Skip to main content

LATEST UPDATES: Tracking COVID-19 | Vaccines | Racial Justice

Trump Seeks More Border Wall Funding In New Budget

Photo caption:

Photo by Mandel Ngan AFP/Getty Images

The House Budget Committee displays copies of President Trump's new budget proposal on Capitol Hill on Monday morning. Presidential budget proposals are typically political documents, with Congress taking the lead to set federal spending levels.

Updated at 11:46 a.m. ET

President Trump's budget proposal for 2020 calls for $8.6 billion in new border wall funding, a signal that the White House is not backing away from its demand that triggered a 35-day government shutdown.

The border wall is just one flashpoint in the president's $4.7 trillion budget blueprint. Trump is also calling for a 5 percent boost in military spending along with deep cuts to domestic programs and foreign aid.

"In a time of $1 trillion deficits, we can no longer afford some of these activities," acting White House Budget Director Russell Vought told Morning Edition.

The president's budget calls for a 23 percent cut in State Department funding, a 15 percent cut in spending by the USDA, and a 31 percent cut in the budget for the Environmental Protection Agency. The budget for Homeland Security would increase by 7.4 percent.

Congress largely ignored previous Trump budgets, even when Republicans were in full control. That's practically certain to happen now that House Democrats have a shared grip on the purse strings.

"President Trump hurt millions of Americans and caused widespread chaos when he recklessly shut down the government to try to get his expensive and ineffective wall, which he promised would be paid for by Mexico," House Speaker Nancy Pelosi said in a joint statement with Senate Democratic leader Chuck Schumer. "The same thing will repeat itself if he tries this again. We hope he learned his lesson."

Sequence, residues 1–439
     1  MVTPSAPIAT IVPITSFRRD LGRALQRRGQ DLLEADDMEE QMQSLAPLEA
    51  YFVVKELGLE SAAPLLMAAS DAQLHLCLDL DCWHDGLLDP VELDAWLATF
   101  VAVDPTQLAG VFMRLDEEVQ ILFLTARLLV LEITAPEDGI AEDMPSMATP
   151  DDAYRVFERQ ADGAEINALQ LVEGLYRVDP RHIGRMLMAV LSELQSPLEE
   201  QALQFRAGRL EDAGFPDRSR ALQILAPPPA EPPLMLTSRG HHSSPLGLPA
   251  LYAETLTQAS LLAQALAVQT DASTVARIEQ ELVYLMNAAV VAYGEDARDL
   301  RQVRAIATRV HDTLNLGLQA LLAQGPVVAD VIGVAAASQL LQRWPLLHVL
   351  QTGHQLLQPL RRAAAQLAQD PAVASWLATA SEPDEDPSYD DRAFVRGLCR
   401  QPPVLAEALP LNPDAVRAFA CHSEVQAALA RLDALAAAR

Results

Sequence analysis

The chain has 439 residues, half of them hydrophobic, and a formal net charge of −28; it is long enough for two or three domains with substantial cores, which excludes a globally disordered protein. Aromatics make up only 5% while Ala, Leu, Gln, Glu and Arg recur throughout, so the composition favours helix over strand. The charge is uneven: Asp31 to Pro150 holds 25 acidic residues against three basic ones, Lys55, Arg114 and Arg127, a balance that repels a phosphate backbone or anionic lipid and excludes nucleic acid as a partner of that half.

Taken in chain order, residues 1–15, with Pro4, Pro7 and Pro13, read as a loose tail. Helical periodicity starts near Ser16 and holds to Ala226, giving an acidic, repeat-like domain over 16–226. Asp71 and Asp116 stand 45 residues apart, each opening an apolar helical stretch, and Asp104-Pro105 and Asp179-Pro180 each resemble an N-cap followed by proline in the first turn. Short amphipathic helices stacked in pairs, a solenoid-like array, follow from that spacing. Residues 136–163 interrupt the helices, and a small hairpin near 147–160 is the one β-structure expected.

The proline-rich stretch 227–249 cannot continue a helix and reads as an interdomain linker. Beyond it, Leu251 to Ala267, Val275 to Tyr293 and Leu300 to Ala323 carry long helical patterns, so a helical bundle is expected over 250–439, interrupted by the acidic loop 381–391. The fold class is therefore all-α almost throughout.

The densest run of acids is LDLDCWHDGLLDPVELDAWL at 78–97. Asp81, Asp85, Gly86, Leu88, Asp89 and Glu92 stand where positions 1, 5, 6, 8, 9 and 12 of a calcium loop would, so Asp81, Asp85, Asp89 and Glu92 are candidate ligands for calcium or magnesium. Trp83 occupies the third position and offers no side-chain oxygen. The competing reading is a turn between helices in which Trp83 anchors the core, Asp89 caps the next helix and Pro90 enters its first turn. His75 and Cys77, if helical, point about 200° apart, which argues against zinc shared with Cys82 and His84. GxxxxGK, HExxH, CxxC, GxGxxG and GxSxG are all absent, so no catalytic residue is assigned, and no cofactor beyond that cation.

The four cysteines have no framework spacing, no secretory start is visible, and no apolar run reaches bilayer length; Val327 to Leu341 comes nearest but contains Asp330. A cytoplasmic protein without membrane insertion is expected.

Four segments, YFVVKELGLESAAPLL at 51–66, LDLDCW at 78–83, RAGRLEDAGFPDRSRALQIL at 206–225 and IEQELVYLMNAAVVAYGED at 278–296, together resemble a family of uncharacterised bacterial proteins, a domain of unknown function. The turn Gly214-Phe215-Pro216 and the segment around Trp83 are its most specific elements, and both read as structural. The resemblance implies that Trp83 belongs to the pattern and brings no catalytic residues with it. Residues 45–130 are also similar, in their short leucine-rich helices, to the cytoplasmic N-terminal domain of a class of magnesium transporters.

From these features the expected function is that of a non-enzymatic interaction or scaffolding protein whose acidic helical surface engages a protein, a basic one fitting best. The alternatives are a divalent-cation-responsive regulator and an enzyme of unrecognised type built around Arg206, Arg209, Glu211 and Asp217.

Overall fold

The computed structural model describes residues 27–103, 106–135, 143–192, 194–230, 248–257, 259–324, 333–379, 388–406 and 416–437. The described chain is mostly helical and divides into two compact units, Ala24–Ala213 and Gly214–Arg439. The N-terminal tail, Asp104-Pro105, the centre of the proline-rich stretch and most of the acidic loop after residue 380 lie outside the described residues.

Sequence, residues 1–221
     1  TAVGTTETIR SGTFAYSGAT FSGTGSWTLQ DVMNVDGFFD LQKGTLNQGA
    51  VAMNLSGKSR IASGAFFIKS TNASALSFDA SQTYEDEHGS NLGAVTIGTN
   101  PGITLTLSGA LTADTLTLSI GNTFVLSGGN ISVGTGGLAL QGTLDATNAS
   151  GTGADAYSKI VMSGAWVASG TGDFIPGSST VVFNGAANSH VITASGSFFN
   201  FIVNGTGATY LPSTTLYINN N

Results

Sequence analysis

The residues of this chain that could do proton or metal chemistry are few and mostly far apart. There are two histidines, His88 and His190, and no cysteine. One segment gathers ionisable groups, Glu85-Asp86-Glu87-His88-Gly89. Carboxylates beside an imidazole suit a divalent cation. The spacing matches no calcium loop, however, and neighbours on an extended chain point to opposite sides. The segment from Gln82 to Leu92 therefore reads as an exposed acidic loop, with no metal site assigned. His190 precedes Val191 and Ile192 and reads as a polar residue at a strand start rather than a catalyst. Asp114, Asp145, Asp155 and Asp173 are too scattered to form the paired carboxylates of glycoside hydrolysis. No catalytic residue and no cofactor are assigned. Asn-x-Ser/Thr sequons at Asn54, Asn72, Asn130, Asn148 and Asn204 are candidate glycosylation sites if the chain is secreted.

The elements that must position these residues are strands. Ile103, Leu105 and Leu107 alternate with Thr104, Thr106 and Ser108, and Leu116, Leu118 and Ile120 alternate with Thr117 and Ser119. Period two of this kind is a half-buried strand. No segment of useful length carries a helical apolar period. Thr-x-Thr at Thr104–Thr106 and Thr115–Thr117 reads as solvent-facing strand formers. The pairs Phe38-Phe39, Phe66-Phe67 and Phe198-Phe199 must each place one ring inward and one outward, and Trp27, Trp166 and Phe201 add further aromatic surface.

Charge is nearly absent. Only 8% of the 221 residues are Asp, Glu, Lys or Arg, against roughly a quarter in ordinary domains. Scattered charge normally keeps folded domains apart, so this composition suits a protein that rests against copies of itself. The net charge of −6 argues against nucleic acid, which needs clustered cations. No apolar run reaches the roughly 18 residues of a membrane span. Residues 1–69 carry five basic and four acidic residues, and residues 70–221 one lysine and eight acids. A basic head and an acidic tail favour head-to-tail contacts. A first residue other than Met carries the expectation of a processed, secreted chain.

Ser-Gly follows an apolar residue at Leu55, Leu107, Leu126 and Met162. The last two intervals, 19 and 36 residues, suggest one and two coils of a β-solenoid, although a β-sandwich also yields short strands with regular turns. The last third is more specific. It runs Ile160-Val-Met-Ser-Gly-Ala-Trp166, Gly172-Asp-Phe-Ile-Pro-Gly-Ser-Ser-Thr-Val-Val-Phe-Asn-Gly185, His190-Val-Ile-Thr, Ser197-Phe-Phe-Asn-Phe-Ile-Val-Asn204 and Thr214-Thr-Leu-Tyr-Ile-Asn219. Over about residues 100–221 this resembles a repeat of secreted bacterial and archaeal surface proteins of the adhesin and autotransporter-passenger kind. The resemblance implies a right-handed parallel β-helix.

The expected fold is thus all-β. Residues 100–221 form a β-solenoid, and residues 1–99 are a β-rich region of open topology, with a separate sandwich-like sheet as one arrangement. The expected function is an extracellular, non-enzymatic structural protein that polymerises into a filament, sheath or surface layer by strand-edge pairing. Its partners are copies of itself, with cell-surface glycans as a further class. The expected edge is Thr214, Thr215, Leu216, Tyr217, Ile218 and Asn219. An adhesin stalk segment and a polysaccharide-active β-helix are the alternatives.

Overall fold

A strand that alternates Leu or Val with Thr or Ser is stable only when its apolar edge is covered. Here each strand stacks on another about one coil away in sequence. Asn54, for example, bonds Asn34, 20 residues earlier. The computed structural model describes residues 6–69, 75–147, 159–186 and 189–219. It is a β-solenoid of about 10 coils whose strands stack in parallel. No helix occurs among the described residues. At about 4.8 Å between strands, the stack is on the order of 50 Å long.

While the president's budget is unlikely to be implemented, the document does carry some weight as a signal of Trump's desires, including money to expand barriers along the U.S. border with Mexico.

"We have a crisis down there," White House adviser Larry Kudlow said on Fox News Sunday. "The whole issue of the wall and border security is of paramount importance."

Kudlow dismissed concerns with the federal budget deficit, which has ballooned as a result of the GOP tax cuts and increased government spending.

"I don't think good growth policies have to obsess necessarily about the budget deficits and so forth," Kudlow said.

The deficit in the past fiscal year was $779 billion, or 3.9 percent of GDP. The budget projects that the deficit will exceed 5 percent of GDP this year — unusually high for a country not mired in recession or widespread war.

The White House doesn't forecast a balanced budget at any point during Trump's presidency, even with rosy projections for economic growth. The budget anticipates growth of 3.2 percent in the coming year, considerably stronger than most outside forecasters, and stronger than the U.S. achieved in 2018.

Copyright 2019 NPR. To see more, visit https://www.npr.org.

FEATURED PODCAST

San Diego News Now podcast branding

San Diego news; when you want it, where you want it. Get local stories on politics, education, health, environment, the border and more. New episodes are ready weekday mornings. Hosted by Anica Colbert and produced by KPBS, San Diego and the Imperial County's NPR and PBS station.

  • Need help keeping up with the news that matters most? Get the day's top news — ranging from local to international — straight to your inbox each weekday morning.

This site is protected by reCAPTCHA and the Google Privacy Policy and Terms of Service apply.

Curious San Diego banner

Want more KPBS news?
Find us on Twitter and Facebook, or sign up for our newsletters.

To view PDF documents, Download Acrobat Reader.